Outreach and Extension Focus
My extension program reaches out to other colleagues (Horticulture, Plant Breeding), growers, IPM specialists, professional scouts, Industry representatives and many other stakeholders through my internationally recognized vegetable disease web site. My program consists of developing disease management strategies for tomato, potato and cucurbits that are both economically and environmentally sound for fresh market vegetable production. We develop and encourage the use of disease resistant varieties when possible. We hope that some of integrated programs will result in practices adaptable for organic production. I serve as section editor for the Disease Section of the Pest Management Guidelines for Commercial Vegetable and Potato Production, provide Newsletter articles for CCE Field Staff including fungicide news updates, and provide Disease Diagnostic tools as part of the Vegetable MD web site. During 2008 the web site received over 2.3 million hits. I have made available countless number of disease images for use in agent/grower education via the web. I serve as editor of two important books, Compendium of Tomato Diseases and Compendium of Cucurbit Diseases that are wide used by crop specialists. I also extend the latest information on Plant Disease control at numerous meetings held around the state. I participate in IPM twilight meetings in 3-4 counties during the summer months to provide hands on experience to my clientele. I am a frequent speaker at vegetable conferences throughout the northeast.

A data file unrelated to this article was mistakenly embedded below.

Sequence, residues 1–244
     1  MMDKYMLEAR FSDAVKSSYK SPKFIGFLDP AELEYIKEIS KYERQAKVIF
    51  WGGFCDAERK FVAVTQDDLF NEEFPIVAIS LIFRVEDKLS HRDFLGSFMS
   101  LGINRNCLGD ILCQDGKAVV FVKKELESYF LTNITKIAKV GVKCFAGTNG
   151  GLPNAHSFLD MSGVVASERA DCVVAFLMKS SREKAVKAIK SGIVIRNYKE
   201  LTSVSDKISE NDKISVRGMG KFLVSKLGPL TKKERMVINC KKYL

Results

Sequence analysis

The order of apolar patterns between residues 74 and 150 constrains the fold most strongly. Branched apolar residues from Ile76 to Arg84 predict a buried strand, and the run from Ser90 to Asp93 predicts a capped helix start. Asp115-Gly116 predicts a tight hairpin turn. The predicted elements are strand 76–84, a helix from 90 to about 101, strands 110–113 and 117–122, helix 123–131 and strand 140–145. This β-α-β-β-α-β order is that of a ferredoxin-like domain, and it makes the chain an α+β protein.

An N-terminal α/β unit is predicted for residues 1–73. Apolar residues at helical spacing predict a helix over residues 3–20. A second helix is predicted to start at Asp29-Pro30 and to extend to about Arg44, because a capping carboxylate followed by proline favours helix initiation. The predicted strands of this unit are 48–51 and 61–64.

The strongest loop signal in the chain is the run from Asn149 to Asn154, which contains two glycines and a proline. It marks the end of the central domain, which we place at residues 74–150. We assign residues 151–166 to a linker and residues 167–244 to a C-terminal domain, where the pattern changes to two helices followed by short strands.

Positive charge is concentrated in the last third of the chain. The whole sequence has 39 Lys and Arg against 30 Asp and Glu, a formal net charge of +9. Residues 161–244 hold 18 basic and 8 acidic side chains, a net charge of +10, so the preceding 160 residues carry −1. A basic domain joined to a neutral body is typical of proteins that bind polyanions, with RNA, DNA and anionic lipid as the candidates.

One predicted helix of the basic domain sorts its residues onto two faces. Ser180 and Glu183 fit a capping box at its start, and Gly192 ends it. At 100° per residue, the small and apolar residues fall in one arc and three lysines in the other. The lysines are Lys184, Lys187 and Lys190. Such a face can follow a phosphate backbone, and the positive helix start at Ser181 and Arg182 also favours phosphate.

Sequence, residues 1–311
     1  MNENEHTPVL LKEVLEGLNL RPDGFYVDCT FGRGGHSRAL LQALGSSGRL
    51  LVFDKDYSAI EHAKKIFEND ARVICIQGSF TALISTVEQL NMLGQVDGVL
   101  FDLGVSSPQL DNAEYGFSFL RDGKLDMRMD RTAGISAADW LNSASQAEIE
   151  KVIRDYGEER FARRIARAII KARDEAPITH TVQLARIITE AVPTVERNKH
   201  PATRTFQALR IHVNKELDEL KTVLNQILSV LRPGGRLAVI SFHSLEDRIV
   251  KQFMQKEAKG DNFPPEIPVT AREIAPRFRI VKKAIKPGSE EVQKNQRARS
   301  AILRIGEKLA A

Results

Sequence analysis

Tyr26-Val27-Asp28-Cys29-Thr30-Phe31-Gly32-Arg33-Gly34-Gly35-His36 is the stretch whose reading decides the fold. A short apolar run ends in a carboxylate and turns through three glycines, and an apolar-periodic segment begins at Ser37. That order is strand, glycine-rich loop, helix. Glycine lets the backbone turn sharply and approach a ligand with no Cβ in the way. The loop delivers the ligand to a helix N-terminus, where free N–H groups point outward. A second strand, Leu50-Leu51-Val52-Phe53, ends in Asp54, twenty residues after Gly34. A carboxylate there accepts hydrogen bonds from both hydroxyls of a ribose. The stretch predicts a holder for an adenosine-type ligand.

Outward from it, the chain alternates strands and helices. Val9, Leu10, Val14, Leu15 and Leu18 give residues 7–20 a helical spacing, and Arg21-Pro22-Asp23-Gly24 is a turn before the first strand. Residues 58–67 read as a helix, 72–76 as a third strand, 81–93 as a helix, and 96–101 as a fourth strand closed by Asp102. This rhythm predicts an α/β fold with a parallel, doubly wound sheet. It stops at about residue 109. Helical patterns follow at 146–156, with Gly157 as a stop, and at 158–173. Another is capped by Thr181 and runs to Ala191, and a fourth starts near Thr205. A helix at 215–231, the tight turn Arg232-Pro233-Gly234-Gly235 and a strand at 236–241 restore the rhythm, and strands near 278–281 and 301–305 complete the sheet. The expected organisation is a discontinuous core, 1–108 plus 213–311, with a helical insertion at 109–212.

Awards and Honors
- Recognition of 40th anniversary of Conference creation (2012) Internation Pepper Conference
Presentations and Activities
- Development and Use of Cultivars with Resistance or Tolerances to Late Blight, Early Blight and Septoria Leaf Spot. 2013 Vegetable EXPO. January 2013. Syracuse, NY.